In the 1950s, with the Hollywood studio system in decline, a lot of movie talents looked east to Broadway for stage vehicles. That probably explains the existence of the 1955 musical Seventh Heaven. The property itself had begun life as a straight play in 1922, with a story set in Paris during World War I about two lower-class lovers. Then there was a 1927 silent film adaptation that won Janet Gaynor the first Oscar for a leading actress, followed by a 1937 remake. The composer attached to the musical version was Victor Young, a busy film scorer near the end of his career (he would die in 1956) who nevertheless managed to do the scores for six films the same year he did Seventh Heaven. The stars were two medium-level former MGM contract players whose work had included movie musicals (but who had never appeared on Broadway before), Gloria DeHaven, who at the advanced age of 30, was washed up as an ingénue in Hollywood, and Ricardo Montalban, who, at 34, was in his prime as a Latin lover. The rest of the cast was filled out with sturdy stage talent, including Robert Clary, Kurt Kasznar, and Beatrice (later Bea) Arthur (the latter two not heard on the cast album). And Chita Rivera, after years of chorus work, was moving up to her first featured part. Opening May 26, 1955, Seventh Heaven was the final show of the 1954-1955 season, and it never had a chance to find an audience, closing after 44 performances on July 2. The cast album reveals the performers to be talented, particularly Clary, who has three big, lively numbers. But it also reveals one possible reason for the show's failure, a pedestrian score. Young's movie credentials are referenced in the instrumental "Chico's Reverie," which sounds like it came from one of his films. But his songs are only adequate, and stage veteran Stella Unger's lyrics don't lift them out of mediocrity. As a result, Seventh Heaven is a minor effort that will be of interest only to completists who follow the careers of Rivera, Clary, or any of the other principals.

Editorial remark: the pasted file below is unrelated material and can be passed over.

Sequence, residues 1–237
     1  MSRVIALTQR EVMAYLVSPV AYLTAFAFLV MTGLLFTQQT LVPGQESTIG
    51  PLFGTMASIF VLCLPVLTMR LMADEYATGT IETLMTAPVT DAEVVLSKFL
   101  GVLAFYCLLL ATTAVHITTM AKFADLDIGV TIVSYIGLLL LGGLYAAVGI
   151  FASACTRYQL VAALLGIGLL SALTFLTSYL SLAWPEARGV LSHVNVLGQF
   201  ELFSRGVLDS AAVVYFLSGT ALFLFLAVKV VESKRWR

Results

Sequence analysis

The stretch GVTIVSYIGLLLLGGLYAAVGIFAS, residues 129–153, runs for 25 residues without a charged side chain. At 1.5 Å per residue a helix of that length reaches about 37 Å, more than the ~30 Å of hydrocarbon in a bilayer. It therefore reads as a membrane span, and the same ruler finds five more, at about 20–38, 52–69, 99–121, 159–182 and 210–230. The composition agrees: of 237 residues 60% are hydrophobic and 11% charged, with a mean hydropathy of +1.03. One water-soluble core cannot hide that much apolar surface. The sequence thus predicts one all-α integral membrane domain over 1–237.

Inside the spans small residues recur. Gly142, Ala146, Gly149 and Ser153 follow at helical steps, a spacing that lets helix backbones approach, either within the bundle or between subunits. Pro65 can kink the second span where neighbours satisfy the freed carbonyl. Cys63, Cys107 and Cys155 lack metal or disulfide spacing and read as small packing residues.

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AllMusic Review by William Ruhlmann
feat: Robert Clary
feat: Robert Clary